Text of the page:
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Bloodlines due out in October

Bloodlines will be out early October!!! Ticonderoga Publications will be launching the collection at the SpecFic convention, Conflux. I am so, so excited for this anthology to be released. It features 16 amazing stories written by 16 fantastic authors. If you're heading to the convention, I hope to see you at the launch!

To celebrate the upcoming release, I will be hosting a series of blogs from the talented authors themselves; they'll explain what inspired them to write their delicious tales.

So stay tuned!


I like rocks

My little homage to Sir Mixalot...except I like rocks.

I like rocks and I cannot lie
You other fossickers can't deny
When you walk by an itty bitty schist
And a diamond in your face
You have fun

And because it's not fair to tease you all without showing you any of the good stuff, here's some rocks:

(I took this pic of fossil-filled cemented sand/sandstone near the Gulf of Carpentaria).


Nefertiti's tomb

I have a massive soft spot for Egypt's18th dynasty. All of ancient Egypt's history is fascinating - animal-headed gods, animal gods, mummies, pyramids, and so much more (what's not to love?) - but the characters of the 18th dynasty were just phenomenally interesting to me. The fact I wrote a short story for the Cranky Ladies of History anthology about Hatshepsut’s rise to power may be rather indicative of this. After all, of all the women in history I wanted to talk about, it was one of the female kings of Egypt.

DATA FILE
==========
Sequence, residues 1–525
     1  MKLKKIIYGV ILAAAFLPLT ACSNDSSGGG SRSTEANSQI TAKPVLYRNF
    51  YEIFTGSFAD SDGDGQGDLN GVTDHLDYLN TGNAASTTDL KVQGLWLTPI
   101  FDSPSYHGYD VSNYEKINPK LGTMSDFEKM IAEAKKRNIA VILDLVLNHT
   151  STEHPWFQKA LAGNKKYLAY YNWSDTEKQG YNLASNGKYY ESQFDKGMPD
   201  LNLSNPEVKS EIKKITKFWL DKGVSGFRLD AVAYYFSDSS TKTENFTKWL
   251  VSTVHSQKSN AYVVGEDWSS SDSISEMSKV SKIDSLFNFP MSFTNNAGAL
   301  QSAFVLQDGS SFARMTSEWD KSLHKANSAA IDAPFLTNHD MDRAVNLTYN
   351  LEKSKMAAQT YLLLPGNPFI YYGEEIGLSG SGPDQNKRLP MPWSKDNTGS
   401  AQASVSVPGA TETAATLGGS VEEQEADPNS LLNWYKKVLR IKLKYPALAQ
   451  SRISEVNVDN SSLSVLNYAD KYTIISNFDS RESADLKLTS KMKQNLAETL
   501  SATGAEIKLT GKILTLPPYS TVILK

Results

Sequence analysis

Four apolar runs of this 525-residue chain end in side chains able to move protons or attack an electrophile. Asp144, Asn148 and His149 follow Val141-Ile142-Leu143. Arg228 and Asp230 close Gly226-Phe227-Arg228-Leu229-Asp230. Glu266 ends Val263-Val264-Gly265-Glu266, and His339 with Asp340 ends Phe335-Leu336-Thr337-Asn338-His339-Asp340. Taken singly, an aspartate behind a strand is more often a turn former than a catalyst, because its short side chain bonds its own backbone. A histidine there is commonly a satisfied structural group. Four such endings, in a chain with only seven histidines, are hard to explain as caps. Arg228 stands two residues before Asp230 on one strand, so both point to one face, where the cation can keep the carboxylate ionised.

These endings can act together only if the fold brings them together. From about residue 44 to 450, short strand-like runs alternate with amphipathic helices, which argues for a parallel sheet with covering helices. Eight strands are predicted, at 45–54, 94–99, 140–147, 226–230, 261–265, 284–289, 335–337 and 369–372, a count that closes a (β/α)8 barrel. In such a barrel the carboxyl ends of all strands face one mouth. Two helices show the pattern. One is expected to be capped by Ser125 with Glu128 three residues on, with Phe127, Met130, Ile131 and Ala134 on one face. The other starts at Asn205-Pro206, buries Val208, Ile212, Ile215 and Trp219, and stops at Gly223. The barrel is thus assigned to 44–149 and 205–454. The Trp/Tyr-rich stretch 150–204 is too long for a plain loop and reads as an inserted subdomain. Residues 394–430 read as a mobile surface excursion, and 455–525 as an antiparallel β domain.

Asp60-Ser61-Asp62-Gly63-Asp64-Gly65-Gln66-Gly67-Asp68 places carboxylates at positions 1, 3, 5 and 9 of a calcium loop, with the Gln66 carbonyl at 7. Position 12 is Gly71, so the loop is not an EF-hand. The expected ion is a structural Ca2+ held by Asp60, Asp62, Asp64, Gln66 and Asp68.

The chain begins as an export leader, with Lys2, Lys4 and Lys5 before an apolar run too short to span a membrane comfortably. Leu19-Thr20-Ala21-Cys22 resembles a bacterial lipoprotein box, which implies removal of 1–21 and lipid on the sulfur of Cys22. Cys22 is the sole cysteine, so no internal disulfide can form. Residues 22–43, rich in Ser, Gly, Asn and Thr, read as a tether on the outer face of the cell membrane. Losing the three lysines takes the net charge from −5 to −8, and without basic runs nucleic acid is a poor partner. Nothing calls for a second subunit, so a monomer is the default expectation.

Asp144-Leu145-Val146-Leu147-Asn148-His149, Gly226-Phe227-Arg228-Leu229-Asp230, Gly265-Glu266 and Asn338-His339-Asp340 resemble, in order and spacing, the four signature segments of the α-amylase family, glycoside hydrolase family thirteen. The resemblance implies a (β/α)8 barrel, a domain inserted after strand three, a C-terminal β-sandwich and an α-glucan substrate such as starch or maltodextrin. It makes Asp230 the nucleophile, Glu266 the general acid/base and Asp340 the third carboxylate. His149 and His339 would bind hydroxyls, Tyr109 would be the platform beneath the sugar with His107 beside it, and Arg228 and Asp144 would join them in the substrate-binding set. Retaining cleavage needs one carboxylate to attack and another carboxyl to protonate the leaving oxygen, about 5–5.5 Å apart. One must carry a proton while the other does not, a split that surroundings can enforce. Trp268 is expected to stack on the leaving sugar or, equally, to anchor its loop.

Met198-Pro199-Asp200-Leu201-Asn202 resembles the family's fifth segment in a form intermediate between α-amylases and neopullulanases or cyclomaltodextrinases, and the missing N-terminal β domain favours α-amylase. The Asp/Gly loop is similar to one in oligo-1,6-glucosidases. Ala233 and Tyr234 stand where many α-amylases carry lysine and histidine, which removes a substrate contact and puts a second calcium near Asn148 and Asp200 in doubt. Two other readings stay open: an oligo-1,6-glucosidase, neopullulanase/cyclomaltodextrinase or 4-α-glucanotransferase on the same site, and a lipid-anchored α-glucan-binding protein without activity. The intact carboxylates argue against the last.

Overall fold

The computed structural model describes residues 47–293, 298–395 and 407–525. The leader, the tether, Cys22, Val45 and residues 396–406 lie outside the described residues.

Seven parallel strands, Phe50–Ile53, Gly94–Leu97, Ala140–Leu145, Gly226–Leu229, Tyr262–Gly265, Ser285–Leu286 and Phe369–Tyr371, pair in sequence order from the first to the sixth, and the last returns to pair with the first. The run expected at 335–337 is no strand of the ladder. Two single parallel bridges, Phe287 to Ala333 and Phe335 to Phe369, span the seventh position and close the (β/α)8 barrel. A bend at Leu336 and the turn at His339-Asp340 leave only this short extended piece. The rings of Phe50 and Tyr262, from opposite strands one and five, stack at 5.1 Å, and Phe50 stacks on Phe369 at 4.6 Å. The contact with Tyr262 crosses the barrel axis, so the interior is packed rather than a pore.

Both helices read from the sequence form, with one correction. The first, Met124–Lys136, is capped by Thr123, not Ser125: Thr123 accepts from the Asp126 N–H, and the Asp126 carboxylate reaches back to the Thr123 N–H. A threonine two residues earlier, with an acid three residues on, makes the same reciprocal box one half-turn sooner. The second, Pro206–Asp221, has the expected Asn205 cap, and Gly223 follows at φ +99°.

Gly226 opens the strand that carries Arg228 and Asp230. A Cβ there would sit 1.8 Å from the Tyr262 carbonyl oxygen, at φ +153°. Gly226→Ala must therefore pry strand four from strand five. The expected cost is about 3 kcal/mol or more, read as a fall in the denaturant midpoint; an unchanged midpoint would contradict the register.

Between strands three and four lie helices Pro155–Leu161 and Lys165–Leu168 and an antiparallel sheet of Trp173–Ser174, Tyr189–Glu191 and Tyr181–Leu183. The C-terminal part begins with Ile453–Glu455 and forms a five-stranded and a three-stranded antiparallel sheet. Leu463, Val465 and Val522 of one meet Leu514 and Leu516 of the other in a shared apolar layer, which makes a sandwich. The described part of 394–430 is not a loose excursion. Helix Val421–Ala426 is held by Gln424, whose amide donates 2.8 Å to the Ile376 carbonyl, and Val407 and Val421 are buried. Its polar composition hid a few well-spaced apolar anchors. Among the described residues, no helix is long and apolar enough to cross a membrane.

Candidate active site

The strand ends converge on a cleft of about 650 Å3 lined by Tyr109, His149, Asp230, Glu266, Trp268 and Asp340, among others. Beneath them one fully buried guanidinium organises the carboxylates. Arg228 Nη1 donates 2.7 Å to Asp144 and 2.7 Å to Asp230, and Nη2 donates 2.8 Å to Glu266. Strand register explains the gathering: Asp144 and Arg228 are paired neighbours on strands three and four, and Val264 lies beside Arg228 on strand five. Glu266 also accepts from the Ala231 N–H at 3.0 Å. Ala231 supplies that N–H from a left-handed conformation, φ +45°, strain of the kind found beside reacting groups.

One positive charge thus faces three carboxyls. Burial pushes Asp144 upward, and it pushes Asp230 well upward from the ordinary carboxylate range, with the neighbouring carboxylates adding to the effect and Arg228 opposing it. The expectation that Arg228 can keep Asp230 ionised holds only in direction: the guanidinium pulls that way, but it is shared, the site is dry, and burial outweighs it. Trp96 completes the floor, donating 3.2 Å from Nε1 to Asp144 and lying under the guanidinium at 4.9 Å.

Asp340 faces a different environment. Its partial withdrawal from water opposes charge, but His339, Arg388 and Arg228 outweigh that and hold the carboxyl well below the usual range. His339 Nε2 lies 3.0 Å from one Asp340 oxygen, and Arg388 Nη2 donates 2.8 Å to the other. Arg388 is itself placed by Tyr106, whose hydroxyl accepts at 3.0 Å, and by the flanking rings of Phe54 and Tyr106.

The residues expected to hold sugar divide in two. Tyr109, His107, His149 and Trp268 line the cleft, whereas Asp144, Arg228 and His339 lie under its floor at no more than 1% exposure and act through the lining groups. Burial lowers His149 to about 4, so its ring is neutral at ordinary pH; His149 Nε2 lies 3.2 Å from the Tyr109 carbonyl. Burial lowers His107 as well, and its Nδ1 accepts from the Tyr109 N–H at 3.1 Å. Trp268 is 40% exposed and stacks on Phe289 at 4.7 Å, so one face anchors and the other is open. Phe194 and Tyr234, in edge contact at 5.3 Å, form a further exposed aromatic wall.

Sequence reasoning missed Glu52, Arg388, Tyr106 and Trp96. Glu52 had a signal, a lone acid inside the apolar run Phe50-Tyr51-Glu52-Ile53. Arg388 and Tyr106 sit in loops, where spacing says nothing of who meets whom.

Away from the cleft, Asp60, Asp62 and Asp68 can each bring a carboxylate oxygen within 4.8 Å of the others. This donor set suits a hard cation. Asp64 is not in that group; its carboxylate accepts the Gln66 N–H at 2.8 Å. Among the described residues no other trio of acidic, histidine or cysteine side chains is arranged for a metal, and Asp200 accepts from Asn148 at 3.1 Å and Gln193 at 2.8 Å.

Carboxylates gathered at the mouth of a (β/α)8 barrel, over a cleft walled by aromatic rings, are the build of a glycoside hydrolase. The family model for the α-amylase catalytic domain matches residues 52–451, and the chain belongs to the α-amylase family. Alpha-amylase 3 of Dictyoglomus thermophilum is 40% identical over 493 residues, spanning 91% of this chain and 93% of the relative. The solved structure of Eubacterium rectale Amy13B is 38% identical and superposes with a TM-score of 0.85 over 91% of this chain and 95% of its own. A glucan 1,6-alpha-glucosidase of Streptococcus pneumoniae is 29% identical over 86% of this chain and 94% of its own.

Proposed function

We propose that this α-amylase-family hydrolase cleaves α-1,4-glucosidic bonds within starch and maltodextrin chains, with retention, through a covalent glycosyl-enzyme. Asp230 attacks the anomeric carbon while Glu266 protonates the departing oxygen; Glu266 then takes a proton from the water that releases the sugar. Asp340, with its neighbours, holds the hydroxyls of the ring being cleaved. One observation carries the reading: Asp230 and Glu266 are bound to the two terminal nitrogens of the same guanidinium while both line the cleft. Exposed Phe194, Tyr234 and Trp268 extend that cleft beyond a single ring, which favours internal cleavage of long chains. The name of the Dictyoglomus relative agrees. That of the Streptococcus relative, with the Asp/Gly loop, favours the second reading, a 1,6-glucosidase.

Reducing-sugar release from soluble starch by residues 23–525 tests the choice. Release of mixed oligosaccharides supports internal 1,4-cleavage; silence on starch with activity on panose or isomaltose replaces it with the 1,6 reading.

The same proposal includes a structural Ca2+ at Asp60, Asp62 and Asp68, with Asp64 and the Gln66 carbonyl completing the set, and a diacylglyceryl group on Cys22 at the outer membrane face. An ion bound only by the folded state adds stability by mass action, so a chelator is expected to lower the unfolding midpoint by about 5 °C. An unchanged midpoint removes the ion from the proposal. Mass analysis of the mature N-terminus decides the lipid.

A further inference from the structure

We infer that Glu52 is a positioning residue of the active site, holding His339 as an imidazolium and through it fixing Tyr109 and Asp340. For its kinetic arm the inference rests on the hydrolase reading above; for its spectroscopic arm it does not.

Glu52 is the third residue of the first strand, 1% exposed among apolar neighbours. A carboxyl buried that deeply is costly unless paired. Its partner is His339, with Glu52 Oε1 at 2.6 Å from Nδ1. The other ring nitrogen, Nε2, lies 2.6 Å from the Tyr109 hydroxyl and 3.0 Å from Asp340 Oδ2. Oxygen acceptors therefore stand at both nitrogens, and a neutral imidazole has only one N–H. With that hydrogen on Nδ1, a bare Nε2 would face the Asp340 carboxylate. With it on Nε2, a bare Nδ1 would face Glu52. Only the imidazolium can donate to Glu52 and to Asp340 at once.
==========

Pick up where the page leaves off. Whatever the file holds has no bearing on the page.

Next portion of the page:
But my fascination doesn’t end there. When the Tutankhamun exhibition was in Melbourne, I was more excited about a single room of antiquities than all the other treasures brought in to showcase the boy king. This room was dedicated to his father, Akhenaten. I like Akhenaten so much that I wrote a number of university essays on him in my time. He was fascinating, and awfully clever in the way he changed Egypt's religion. Even though those alterations didn't last for long (in the scheme of things), he certainly left a lasting impact.

Then there was Nefertiti, rumoured to be the most beautiful woman in the world, from her bust which is kept in the Berlin museum. She was Akhenaten's Great Royal Wife. But she is also thought to have potentially taken the throne after Akhenaten’s death, as Neferneferuaten. And now, a researcher thinks he’s found her tomb - the entrances hidden by King Tut’s famous burial chamber. Whether or not these claims turn out to be true, it’s still terribly exciting.

Check out more on the new claims about Nefertiti’s tomb here.

Being bossy

I’ve been thinking a lot about what it means to be ‘bossy’ and female. I’ve often said growing up that my brother and I are like chalk and cheese, but that we’re both a bit bossy. I’ve always meant it in a humorous way, not in the damming way it can be used to describe young girls who act assertive.

It’s so much a part of my nature that I sometimes get called on being too loud, speaking too much, etc. Which always makes me worry, because I really do try and be a good listener; I know I’m a talker, and so I try to make sure I take everyone else’s opinions on board. But I have an opinion, and don’t feel that I should keep it behind closed lips. Not when it’s warranted.

And then I realise how lucky I am.